Perhaps it's not a coincidence that the Panthers are about to unfurl plans for a stadium renovation, and politicians in North Carolina have indicated that they'd be willing to help pay for them. What better way to firm up those commitments then to raise the possibility of a relocation to L.A.? That worked for Indianapolis, Seattle, New Orleans and others.
Adrian Peterson continues to defy the odds and pile up the yards.
The Minnesota tailback, who blew out his left knee at the end of the 2011 regular season, ran for 171 yards in 27 carries to lead the Vikings to a 34-24 win over Detroit.
"I still can get stronger. I'm still not there, man. I'm pressing to get there," Peterson said. "I'm going to come back stronger and better after the bye."
The Vikings could use that. They play at Chicago after a week off. Peterson came into Week 10 with a league-leading 957 yards rushing.
Calling for backup
Concussions to Philadelphia's Michael Vick and San Francisco's Alex Smith had those teams turning to backup quarterbacks.
Eagles fans were clamoring to see rookie quarterback Nick Foles, considering all of Vick's turnover problems, and Foles showed flashes of promise. He completed 22 of 32 passes for 219 yards and a touchdown but also had two interceptions run back for scores (one was negated by a penalty).
The Cowboys put the finishing touches on their 38-23 victory by stripping Foles at the one-yard line and recovering the ball in the end zone for a touchdown.
In San Francisco, Colin Kaepernick played well in place of Smith, completing 11 of 17 passes for 117 yards, and running eight times for 66 yards and a touchdown.
According to ESPN, Miami's 37-3 loss to Tennessee ranks as the Dolphins' second-worst home defeat, topped —topped? — by a 48-3 loss to Kansas City in 1968.
In Sunday's game, rookie Ryan Tannehill was picked off three times after going six weeks without an interception.
Asked what he learned from the experience, Tannehill said: "Don't throw it to the other team."
That '70s show
He's been with the Broncos for only half a season and already Peyton Manning owns a club record. Sunday, for the seventh time this season, he completed at least 70% of his passes. He completed 27 of 38 passes, 71.1%, for 301 yards and a touchdown.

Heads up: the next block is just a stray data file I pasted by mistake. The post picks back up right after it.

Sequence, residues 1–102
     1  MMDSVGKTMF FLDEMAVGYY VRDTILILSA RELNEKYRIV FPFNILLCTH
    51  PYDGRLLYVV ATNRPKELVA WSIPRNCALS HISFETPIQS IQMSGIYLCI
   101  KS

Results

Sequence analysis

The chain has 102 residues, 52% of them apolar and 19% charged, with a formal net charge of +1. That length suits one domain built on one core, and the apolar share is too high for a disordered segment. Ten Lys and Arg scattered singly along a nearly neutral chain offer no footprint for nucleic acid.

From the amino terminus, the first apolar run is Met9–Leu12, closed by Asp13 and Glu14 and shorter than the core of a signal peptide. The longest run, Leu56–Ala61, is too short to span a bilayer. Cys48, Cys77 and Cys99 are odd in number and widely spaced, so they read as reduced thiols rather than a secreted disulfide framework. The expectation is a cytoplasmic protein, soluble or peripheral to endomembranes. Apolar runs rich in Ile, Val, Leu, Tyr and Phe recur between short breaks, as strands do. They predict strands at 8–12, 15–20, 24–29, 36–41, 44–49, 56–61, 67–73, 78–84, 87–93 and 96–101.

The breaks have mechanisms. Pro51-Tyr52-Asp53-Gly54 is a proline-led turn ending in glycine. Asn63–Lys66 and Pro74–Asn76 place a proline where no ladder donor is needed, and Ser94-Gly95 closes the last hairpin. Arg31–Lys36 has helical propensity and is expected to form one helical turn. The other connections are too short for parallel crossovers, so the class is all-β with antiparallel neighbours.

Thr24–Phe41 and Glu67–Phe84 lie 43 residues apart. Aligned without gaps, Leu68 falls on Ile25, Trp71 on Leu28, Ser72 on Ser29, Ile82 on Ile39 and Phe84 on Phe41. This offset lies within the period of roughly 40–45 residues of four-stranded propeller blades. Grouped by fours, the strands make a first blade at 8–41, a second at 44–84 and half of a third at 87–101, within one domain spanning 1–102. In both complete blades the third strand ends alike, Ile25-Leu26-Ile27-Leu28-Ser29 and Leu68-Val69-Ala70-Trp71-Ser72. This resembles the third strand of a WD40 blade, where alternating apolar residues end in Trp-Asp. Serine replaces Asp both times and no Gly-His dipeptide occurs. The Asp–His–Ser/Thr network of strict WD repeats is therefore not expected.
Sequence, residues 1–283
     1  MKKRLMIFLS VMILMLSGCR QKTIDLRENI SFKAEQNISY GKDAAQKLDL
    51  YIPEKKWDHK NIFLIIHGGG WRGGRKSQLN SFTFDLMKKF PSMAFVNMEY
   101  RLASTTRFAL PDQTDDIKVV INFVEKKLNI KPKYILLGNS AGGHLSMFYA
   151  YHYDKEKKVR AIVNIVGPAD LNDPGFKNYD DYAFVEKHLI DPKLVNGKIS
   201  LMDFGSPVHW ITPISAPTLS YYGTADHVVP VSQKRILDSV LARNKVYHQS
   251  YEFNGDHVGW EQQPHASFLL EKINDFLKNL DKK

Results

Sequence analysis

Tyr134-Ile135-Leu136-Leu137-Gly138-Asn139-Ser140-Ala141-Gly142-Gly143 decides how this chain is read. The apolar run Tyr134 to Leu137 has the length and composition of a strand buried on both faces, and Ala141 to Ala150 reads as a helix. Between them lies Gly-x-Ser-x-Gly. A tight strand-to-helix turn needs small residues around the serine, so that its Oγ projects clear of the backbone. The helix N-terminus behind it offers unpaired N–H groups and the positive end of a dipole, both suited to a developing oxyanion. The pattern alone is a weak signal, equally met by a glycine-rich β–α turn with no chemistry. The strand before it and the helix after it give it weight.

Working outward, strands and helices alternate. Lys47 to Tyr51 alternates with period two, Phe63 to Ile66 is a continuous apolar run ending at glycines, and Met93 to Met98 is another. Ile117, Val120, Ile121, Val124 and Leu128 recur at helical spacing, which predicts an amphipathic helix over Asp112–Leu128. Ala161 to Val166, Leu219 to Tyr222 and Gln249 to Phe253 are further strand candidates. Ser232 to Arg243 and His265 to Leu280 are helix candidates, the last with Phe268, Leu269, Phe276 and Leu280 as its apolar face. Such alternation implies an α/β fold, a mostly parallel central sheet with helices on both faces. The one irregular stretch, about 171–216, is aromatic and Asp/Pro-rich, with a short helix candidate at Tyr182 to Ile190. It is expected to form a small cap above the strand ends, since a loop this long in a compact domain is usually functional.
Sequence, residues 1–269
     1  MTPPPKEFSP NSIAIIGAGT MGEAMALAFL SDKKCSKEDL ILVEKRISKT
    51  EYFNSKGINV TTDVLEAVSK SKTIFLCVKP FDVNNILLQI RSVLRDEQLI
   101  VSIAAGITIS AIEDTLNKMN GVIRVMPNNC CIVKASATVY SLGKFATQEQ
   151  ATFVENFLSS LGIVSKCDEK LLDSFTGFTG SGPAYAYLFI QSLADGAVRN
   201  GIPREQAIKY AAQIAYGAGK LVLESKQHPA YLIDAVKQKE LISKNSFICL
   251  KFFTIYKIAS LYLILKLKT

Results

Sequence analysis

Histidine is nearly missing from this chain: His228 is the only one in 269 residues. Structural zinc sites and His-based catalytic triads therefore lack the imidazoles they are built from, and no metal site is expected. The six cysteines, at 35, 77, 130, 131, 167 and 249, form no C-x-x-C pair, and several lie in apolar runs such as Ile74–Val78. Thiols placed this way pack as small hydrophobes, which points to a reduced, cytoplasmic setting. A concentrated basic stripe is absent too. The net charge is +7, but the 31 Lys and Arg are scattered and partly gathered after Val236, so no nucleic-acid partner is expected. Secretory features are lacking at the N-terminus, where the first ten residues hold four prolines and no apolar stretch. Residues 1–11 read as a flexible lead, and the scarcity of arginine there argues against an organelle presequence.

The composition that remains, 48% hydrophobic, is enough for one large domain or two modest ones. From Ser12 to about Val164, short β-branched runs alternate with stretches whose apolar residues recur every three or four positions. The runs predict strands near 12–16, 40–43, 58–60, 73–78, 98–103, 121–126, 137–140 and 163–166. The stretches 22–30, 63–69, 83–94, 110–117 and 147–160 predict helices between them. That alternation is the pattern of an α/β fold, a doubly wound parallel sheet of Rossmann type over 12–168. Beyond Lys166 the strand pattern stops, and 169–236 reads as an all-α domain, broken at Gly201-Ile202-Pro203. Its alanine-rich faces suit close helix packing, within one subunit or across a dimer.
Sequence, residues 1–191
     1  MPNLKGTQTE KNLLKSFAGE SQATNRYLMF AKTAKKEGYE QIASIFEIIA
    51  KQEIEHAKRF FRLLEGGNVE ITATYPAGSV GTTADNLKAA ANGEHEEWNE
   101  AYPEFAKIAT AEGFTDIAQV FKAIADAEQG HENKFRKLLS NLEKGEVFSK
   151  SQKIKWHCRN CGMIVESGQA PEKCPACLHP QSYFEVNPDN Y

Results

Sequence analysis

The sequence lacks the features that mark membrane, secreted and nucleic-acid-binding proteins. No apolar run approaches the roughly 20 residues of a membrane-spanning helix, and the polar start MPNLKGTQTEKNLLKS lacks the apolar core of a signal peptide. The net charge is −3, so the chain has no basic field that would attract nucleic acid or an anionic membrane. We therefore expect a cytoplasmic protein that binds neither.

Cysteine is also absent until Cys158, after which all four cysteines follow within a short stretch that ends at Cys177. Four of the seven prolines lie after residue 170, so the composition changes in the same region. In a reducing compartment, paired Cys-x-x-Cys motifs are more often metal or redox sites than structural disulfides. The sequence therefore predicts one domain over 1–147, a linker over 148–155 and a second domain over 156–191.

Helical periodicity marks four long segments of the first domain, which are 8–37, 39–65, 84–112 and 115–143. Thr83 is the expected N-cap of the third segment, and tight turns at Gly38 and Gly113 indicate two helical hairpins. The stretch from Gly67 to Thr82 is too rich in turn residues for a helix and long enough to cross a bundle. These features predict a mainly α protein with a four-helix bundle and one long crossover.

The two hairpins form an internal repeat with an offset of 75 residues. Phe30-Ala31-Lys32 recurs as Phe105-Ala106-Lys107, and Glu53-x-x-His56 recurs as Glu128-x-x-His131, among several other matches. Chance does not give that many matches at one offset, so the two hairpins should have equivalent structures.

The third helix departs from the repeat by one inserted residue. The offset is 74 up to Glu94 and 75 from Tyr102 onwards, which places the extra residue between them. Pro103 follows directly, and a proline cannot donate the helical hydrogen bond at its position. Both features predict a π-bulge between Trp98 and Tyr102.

Manning also threw the 420th touchdown pass of his career, tying Hall of Fame member Dan Marino for second-most in history. Brett Favre threw 508.
Another Sunday, another blocked punt.
This time, Tampa Bay's Dekoda Watson barreled up the middle and blocked a punt by San Diego's Mike Scifres. Adam Hayward scooped up the ball and ran 29 yards for a touchdown for the Buccaneers.
There have been 15 blocked punts through the first nine games of the season, putting the league on pace for three times as many as last season (nine).
First … and anything but
It wasn't a good Sunday for quarterbacks taken No. 1 overall.
Cam Newton was sacked seven times and the Carolina Panthers lost at home to Denver. Matthew Stafford and the Detroit Lions lost at Minnesota. San Francisco's Smith was knocked out of the St. Louis game by a concussion, as was Philadelphia's Vick against Dallas. Eli Manning had a miserable game in a loss at Cincinnati. Carson Palmer and the Oakland Raiders found themselves on the wrong end of a 55-20 laugher in Baltimore.
Not all the top picks had a lousy Week 10. Andrew Luck won at Jacksonville on Thursday, and Peyton Manning beat the Panthers. As for Rams quarterback Sam Bradford, he neither won nor lost. Ugh, a tie.
SAM FARMER / ON THE NFL
Suddenly flawed Falcons part of an imperfection convection
Atlanta was two yards from a 9-0 record when a fourth-down pass was batted down by New Orleans. There was plenty of imperfect play elsewhere, especially in San Francisco, where the 49ers and Rams bumbled to the first NFL tie since 2008.